Abby Cocoa

Chow Chow/German Shepherd
Picture of Abby Cocoa, a female Chow Chow/German Shepherd

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Sex: Female   Weight: 26-50 lbs

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   Leave a bone for Abby Cocoa

Co-Bear, Pooky, Scruffy, Brat, Missy Cocoa, Squeaker, Cuddlepuppy, Chubbawubs

Doggie Dynamics:
not playfulvery playful

Quick Bio:
-mutt-pound dog

Gotcha Date:
January 2nd 1996

November 27th 1995

Chasing birds and houseflies, being protective of her loved ones, and going to new places.

Cats on the fence, rain, loud noises (sirens, fireworks, etc.), not going for walks more often, strangers, kisses.

Favorite Toy:
Cocoa's hedgehog had to be retired due to wear and tear. Now she loves her fuzzy blue plush bear. :)

Favorite Food:
Peanut butter.... practically all human treats.

Favorite Walk:
Around the local park, close to the pond, so she can sniff at ducks.

Best Tricks:
Shredding Kleenex around the house when she's upset, hiding in the house if she doesn't want to be put back in the yard, knowing when she's going to get a treat, "doggie talk", getting compliments from anyone who sees her.

Arrival Story:
She was discovered in a cardboard box dumped in an alley with her brothers and sisters. My family adopted her from the pound when she was barely 5 weeks old; she came to live with us on January 2, 1996. We've loved her ever since.

She's a darling. Strong-willed, intelligent, inventive, and independent. Sometimes, she behaves more like a cat than a dog, and she always commands respect. She can be closely guarded with her affection, but once you win her trust, she'll always love you. Like any dog, her life has had its bumps. She was hit by a car in 1997 when she ran out of the yard into the street, but fortunately, only her right rear paw was cut. No other injuries; it was lucky, but a bit traumatic. One of the toenails on that foot grows in crooked now, but she doesn't let it slow her down. Ever since, she's been careful around automobiles. She saved my sister's life when she wouldn't cross the street one day. Although the light was green for them to walk across, she sat on the curb and wouldn't move; not two seconds later, a woman driver who wasn't paying attention ran the light. Cocoa must have sensed what was going to happen. When I walk her, people constantly stop me to tell me how gorgeous they think she is. She's always cheerful and pretty enough to be in pictures. Too bad she's not trusting enough to be closely involved with people she doesn't know. Her personality is larger than life. I ♥ my girl. :)

Forums Motto:
Acting your age is overrated!

The Groups I'm In:
Chow Mixes, mutts of california

The Last Forum I Posted In:
What do you do that annoys your human?

I've Been On Dogster Since:
November 5th 2004 More than 12 years!

I Was In The:
Dogster's 2006 Holiday Picture Party!

Rosette, Star and Special Gift History

Dogster Id:

Meet my Pup Pals

In the House

Forever Loved

December 1st 2011 12:00 pm
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Hi. This is Cocoa's owner (aka "youngest daughter of the human alpha female").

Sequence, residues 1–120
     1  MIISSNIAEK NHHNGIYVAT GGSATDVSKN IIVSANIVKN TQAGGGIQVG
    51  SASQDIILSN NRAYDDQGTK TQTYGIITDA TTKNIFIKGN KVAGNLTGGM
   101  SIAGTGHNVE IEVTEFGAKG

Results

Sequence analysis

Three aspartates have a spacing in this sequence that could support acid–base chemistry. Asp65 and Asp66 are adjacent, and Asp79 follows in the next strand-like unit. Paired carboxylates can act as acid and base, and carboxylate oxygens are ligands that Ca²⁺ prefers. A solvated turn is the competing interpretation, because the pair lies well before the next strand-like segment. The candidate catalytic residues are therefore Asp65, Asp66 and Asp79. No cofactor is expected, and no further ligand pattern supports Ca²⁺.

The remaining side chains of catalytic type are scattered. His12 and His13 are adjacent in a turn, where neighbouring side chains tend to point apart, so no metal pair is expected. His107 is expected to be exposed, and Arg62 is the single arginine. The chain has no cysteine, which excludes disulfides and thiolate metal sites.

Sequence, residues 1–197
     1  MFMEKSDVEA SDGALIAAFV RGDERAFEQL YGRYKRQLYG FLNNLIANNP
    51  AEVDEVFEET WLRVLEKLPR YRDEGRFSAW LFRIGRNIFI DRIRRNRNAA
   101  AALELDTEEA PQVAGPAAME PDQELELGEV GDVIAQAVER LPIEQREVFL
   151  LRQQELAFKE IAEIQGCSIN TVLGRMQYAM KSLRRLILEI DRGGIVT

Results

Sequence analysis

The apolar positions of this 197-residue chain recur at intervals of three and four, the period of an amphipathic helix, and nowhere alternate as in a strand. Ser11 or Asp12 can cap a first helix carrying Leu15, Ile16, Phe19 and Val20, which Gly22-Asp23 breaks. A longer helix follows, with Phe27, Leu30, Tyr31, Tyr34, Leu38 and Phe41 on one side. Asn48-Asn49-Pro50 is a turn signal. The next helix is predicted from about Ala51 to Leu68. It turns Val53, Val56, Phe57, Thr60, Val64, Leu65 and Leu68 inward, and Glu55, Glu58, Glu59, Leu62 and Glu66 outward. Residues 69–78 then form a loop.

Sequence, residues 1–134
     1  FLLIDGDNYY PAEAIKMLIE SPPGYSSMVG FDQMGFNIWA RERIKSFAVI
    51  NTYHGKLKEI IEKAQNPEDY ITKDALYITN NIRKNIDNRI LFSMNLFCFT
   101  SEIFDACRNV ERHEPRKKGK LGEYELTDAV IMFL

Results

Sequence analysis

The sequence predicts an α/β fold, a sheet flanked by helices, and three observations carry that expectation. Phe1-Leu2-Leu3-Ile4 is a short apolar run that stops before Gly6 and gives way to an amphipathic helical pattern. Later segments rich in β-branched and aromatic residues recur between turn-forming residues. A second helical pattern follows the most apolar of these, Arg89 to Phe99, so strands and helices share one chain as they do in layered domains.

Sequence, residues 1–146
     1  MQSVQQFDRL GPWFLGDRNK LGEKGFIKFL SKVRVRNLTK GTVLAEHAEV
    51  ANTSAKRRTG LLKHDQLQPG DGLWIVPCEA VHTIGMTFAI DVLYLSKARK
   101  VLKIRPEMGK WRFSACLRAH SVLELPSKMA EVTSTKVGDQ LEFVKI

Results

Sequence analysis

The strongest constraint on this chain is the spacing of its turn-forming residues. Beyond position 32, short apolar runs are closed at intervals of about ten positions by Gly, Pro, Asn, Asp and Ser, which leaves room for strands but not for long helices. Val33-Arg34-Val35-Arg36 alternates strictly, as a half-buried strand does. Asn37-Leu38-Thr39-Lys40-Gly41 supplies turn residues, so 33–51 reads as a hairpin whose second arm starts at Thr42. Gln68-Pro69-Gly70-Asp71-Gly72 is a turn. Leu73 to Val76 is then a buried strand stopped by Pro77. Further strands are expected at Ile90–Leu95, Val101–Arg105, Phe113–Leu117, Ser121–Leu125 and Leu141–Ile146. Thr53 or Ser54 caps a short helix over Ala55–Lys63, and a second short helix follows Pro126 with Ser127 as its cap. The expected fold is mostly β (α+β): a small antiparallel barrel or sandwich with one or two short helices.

I took this little diary so seriously when I first started. I really tried to think of what Cocoa's voice would be like if she could write something like this. Social status/rank is vital to a dog's life, so that impacted how I described the human family.

It's so hard. Cocoa was euthanized this morning. She's at peace now. She was so calm the entire time. She even licked my hand right before going to sleep... as if she wanted to comfort me one last time.

Arthritis in both hips and lumbar spinal stenosis made life very difficult for Cocoa in her last 3 months of life. Mobility was the number one problem; she couldn't rise by herself or walk very long. Vitamins and pain meds eased her days, but everything became hectic. She couldn't get up to relieve herself or move out of the mess once it was done; she had skin irritation and fur loss because she needed 24-hour nursing care. A kind aunt of mine helped during the day when I was at work, but it just wasn't enough. Eventually, the neurological problems with Cocoa's back prevented her from even sitting up without a pillow to prop her up. She whimpered a little and kept trying to curl up to relieve the pain. I knew, as much as it would hurt, that it was time to say goodbye to my beautiful girl.

I'm crying a lot... she was gone at 9:26 PST and my eyes just won't stop leaking tears. She was my best friend, my angel, my sister, my reason for believing. I'll always love her. I know there has to be a beautiful place for souls like hers.

Abby Cocoa
November 24 (?) 1995-December 1, 2011
Thank you for the best sixteen years of my life. I love you. And I'm glad those were the last words you heard.


The Skinny

September 3rd 2011 7:38 am
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Two years have passed already? Didn't I say I wouldn't wait this long to write again? Hmm, guess I forgot. That happens when you're 15 and Fabulous.

Lots of health changes recently: was diagnosed with glaucoma in my right eye and eventually had to have it removed, arthritis is making it hard to get around, and I've lost 8 pounds over the last year. My eye doc said that if I hadn't lived to such a ripe old rage (and who is she calling OLD?!) I never would've gotten glaucoma; the condition was hereditary, meaning my eyes were just destined to develop this problem. The good news is that my left eye is always normal when tested, no pressure problems. The human alpha female's youngest daughter blamed herself for my losing my eye, but I'm not mad at her. She didn't know that my sleeping a lot was the first sign; she didn't see anything wrong with me until I started tripping over my bowl and toys. By then, I'd lost a significant amount of sight and the drainage angle was bad. The procedure went well, but I recovered slowly and hated taking medicine. Pills, bleh! My only regret is the depth perception I lost -- it's kind of a guessing game to navigate the yard and over to my bed. And sometimes it's startling if somebody touches me and I don't see them. But it's okay.